Over the Christmas holiday I had the privilege of visiting the Squaw Creek National Wildlife Refuge on the afternoon of December 27, 2011. Not only did I get to go with my fiancée, Heidi Genter, but also Heidi’s mom, sister, and her sister’s five-year old daughter. At the refuge we met a mutual friend from Facebook, Shelly Cox, and her husband Joey.
No sooner did we arrive at refuge headquarters than we spotted several Bald Eagles, both adults an immature, gliding overhead. It was a good omen. Shelly, who works for the Missouri Department of Conservation, makes regular trips to the refuge; and Heidi’s mother often brought her students their on field trips when she was a teacher at a Lutheran elementary school in nearby Leavenworth, Kansas. So, we were blessed to have people along who knew where to go to see wildlife.
The interior of the headquarters building is full of great information, most of it free for the taking. Brochures, maps, coloring books for children, and even a frame-worthy print of an image of a Bald Eagle by photographer Jim Rathert, are among the items we took home with us. There are also gifts one can purchase.
Beyond the front desk are interpretive exhibits that offer an introduction to the fauna of the refuge. Most specimens are taxidermy mounts, but some are alive. The day we visited there was a very healthy specimen of an Eastern Massasauga rattlesnake, Sistrurus catenatus, on display. This is an endangered reptile in the state of Missouri, and a candidate for federal listing as “threatened.”
Leaving the headquarters, we proceeded to drive around the large bodies of water that make the refuge so inviting to migrating waterfowl, raptors, and other birds. You can hear the vast flocks of Snow Goose, Chen caerulescens, long before you see them, but the sight is truly spectacular. An eagle passing overhead sends them into a tizzy, flying up in great clouds of wings, and amping up their already loud honking.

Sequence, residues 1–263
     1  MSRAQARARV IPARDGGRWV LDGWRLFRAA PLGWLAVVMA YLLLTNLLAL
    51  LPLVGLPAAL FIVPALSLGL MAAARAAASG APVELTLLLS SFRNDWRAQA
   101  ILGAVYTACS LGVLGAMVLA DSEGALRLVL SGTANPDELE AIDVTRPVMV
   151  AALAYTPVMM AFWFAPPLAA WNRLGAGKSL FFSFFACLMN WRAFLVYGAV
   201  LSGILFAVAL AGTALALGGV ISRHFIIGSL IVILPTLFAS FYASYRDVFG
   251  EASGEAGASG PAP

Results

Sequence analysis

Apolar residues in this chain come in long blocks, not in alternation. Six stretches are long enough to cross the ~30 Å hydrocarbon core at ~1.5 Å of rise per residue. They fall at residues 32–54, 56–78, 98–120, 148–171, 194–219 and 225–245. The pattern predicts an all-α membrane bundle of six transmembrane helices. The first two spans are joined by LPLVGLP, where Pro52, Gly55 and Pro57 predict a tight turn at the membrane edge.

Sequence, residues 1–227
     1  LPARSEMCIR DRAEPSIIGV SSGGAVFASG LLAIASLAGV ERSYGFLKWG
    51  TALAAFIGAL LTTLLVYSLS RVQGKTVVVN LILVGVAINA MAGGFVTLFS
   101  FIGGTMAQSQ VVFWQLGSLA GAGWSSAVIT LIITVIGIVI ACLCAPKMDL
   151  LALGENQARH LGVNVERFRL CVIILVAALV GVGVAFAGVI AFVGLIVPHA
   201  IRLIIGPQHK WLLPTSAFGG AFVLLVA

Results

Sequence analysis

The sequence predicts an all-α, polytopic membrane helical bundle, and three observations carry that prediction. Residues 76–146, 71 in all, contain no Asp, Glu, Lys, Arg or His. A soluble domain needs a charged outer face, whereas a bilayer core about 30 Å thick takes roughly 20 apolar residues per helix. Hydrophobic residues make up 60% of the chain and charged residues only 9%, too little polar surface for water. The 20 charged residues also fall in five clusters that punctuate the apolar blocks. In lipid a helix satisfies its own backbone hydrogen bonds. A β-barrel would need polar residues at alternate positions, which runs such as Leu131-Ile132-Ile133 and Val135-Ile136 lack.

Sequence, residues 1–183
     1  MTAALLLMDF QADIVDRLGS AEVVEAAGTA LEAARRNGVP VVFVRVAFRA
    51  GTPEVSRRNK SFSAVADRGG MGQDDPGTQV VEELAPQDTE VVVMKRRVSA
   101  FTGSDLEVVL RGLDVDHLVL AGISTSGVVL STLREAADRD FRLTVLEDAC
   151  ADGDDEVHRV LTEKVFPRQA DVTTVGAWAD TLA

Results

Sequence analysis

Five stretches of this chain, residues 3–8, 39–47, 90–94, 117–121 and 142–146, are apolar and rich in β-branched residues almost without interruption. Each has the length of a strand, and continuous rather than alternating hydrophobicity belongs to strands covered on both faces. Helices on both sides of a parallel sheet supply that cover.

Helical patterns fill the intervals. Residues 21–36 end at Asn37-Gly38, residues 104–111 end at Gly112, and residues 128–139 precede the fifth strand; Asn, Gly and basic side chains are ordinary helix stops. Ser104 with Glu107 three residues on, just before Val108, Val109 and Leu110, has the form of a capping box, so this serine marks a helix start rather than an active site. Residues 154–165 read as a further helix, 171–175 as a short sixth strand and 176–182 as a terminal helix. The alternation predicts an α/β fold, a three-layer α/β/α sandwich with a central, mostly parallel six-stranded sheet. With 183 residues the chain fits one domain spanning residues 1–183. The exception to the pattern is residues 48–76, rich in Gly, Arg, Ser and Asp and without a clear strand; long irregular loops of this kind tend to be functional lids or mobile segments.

Recent counts put the Snow Goose tally at over 82,000 birds. A month before it was nearly 228,000.
Besides geese (including Canada Goose, of course), Trumpeter Swans are another abundant species. Over 200 had been seen the week before our visit. We also saw several Red-tailed Hawks, and one solitary Rough-legged Hawk, Buteo lagopus (below). The refuge is also a paradise for Muskrat, Ondatra zibethicus. We saw several, but were told they were vastly more common prior to last year’s great flood of the Missouri River that pushed them up to the foot of the bluffs surrounding the floodplain. We also saw one Whitetail Deer, Odocoileus virginianus.
President Franklin D. Roosevelt established the Squaw Creek NWR in 1935, and the Civilian Conservation Corps built most of the dikes, roads, trails, and buildings while camping in nearby Mound City. The refuge is more than just wetlands (3,400 acres). There are also 2,100 acres of grassland, 1,560 acres of forests and woodlands, and 400 acres of crops.
Driving along the berms there are places to pull off the road and look for birds. You can even build your own eagle eyrie at one stop.
Such imaginative interpretive features help make this refuge a popular resource for nature educators.
Late afternoon in late December may not be the best time to visit, but our trip did provide a spectacular sunset view over the open waters, and even a “Sun Dog” weather phenomenon. Fine ice crystals in cirrus clouds can create a short rainbow on either side of the sun (below).
Special thanks again to Shelly Cox for being our tour guide. For more and better images of the birds and wildlife of Squaw Creek National Wildlife Refuge, please browse this Flickr.com group. You will get hooked for sure, and want to add this gem to your list of places to travel to.